Member Spotlight: Cornelius James
Cornelius James, MD, is a Clinical Assistant Professor of Internal Medicine and Pediatrics. He leads the Data Augmented Technology Assisted Medical Decision-making (DATA-MD) curriculum initiative, and is an Educational Advisor to Precision Health’s Education & Training Workgroup.
What are your research interests?
I am interested in medical education research. More specifically, I am interested in teaching learners across the medical education continuum clinical reasoning and evidence-based medicine (EBM). Recognizing the impact that AI/ML and precision health will play in clinical reasoning, I have begun to explore how to incorporate this content into medical education curricula.
Please talk a little about your work with Precision Health’s Education & Training and Implementation workgroups. What have your contributions been?
It has been a pleasure working with the Education & Training and Implementation workgroups. During the 2021-22 academic year, we have developed a series of webinars to begin to educate frontline clinicians about the role of precision health and AI/ML in healthcare. This series has been very successful as it has allowed learners, faculty, and staff (locally and from around the country) to hear talks from experts at U-M about topics that will change the way health care is delivered, and more than likely the way we are teaching future health care providers and other health care roles. This will culminate with an in-person symposium on March 16, 2022, where we will have experts at U-M deliver talks and participate in panels, and we will have a leader and pioneer in the field of digital medicine [Robert M. Wachter, MD] deliver the keynote address.
Can you talk about the DATA-MD curriculum, which incorporates ML implementation and physician training, and what you hope to accomplish with it?
Frontline clinicians will be key stakeholders as end-users of AI/ML models. The DATA-MD curriculum is certainly educational programming, but I also view it as a movement toward the health care of the future. It is designed to teach clinicians to use AI/ML to augment medical decision making. EBM is a proven framework for evaluating and applying results from research. Given the overlap between EBM and AI/ML, we are using EBM as a framework to teach learners about the strengths and limitations of AI/ML in health care, and how to apply model outputs. For example, most of our current work is focused on using AI/ML to improve the diagnostic process and reduce diagnostic errors.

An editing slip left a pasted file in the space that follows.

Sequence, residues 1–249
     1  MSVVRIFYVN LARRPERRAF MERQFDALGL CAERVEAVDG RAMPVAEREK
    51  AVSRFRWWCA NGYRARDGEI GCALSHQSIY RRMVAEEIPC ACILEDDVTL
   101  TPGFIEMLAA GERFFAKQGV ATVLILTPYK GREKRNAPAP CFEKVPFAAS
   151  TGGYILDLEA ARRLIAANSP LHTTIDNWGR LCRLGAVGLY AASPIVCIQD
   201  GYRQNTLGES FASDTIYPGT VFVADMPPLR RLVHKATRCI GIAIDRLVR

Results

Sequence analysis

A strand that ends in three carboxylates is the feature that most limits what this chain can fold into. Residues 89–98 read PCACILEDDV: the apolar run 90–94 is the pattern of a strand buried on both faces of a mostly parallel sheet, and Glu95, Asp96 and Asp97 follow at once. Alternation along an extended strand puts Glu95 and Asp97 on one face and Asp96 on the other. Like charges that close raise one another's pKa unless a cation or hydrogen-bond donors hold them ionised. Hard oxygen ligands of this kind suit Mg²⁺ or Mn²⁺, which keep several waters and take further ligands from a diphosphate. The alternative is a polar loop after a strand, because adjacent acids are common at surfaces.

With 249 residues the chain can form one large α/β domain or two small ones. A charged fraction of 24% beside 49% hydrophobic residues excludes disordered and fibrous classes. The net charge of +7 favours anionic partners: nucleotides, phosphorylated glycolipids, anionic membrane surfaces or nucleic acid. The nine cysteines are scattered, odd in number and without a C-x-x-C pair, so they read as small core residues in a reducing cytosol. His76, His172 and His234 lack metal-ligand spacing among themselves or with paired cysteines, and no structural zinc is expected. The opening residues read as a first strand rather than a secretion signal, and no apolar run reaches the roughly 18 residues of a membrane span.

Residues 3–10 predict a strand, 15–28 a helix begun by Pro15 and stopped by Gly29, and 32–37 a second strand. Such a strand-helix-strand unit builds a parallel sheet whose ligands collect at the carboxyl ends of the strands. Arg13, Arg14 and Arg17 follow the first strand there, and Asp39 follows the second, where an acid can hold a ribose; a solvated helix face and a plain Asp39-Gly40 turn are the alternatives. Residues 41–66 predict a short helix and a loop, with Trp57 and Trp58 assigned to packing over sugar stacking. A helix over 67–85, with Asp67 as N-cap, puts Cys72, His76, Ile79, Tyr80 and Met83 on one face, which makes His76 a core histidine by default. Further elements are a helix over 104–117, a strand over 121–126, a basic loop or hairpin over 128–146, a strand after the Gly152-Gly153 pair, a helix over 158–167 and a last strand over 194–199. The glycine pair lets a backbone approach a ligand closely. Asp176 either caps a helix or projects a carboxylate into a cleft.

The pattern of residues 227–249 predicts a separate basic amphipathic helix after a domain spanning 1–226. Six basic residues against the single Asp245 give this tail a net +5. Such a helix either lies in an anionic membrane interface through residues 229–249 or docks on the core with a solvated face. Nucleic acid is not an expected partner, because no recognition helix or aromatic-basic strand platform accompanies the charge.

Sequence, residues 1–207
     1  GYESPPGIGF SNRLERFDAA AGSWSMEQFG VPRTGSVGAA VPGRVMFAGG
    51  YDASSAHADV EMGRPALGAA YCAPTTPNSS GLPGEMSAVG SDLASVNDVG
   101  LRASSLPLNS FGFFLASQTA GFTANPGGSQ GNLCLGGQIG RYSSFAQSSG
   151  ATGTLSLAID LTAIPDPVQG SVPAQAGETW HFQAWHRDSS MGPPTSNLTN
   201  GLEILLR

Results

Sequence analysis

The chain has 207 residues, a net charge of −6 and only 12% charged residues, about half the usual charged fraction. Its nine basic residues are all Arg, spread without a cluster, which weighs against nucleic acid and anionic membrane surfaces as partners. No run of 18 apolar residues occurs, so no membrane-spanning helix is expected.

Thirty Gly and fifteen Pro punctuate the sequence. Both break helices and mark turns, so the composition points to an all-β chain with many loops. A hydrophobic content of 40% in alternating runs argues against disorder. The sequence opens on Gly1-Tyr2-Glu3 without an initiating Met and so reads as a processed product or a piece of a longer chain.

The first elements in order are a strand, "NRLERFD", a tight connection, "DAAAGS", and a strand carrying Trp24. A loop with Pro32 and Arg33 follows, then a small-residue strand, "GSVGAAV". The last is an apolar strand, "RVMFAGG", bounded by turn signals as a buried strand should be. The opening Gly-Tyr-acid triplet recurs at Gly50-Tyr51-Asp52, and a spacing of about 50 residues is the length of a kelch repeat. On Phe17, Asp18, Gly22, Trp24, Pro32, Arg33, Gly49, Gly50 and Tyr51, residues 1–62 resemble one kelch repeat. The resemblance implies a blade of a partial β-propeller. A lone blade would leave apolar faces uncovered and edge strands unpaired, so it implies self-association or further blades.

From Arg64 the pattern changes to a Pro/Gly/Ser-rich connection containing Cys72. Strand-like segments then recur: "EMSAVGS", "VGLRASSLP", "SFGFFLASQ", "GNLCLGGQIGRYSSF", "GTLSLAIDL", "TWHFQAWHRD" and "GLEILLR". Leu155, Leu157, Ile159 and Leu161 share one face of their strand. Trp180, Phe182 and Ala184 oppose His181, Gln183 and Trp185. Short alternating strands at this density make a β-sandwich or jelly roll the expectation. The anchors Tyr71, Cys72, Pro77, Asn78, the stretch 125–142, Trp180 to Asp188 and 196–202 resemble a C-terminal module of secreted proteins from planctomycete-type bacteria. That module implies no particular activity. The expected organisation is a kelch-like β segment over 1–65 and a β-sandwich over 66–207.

I have long been concerned about the “hidden curriculum” in health profession education. To address this, we are developing educational programming that targets learners across the medical education continuum. This approach will be conducive to allowing learners and teachers to begin to speak the same language and to some extent start at the same place. As AI/ML become more ubiquitous in health care, I expect that we will begin to provide educational programming that is more targeted to a specific learner level. Ultimately, we are looking to provide the tools necessary for clinicians to be engaged stakeholders when it comes to development and deployment of AI/ML-based technologies in health care.
The DATA-MD team comprises diverse backgrounds and areas of study. Why is such an interdisciplinary approach so important?
I am working with an amazing group of faculty, students, residents, and staff. Many schools and departments are represented on our team. It includes clinicians, researchers, lawyers, computer scientists, pharmacists, medical educators, nurses, and librarians. Because of the impact that AI/ML will have on health care, an interdisciplinary approach is essential. There are so many layers to developing, implementing, and teaching this content. Just as development of health care AI/ML models requires an interdisciplinary approach, development of AI/ML curricula requires input from many stakeholders if it is going to be successfully implemented. If we are going to provide educational programming that is realistic and meaningful, we must have the perspectives of all these stakeholders.
How does your research help people? Whom does it help?
We are trying to educate people that will be actively engaging with AI/ML-based technologies and considering the outputs of models when making decisions that impact patient lives. Therefore, this curriculum will help health care providers to provide data-driven, value-based, evidence-based care for the patients whom they are caring for.
What future direction will your research take?
Currently we are focused on increasing learners’ knowledge and understanding of concepts related to AI/ML in health care. Eventually, we would like to explore the impact that the curriculum is having on learner behaviors and, ultimately, patient outcomes. In addition, patients will need education about the role that AI/ML plays in their health care. This is another issue that I would like my team to address in the future.
What do you like to do when you aren’t doing research?
When I am not doing research, I am either teaching medical students and residents, or in the clinic seeing patients. I also enjoy traveling with my family, reading, and watching movies.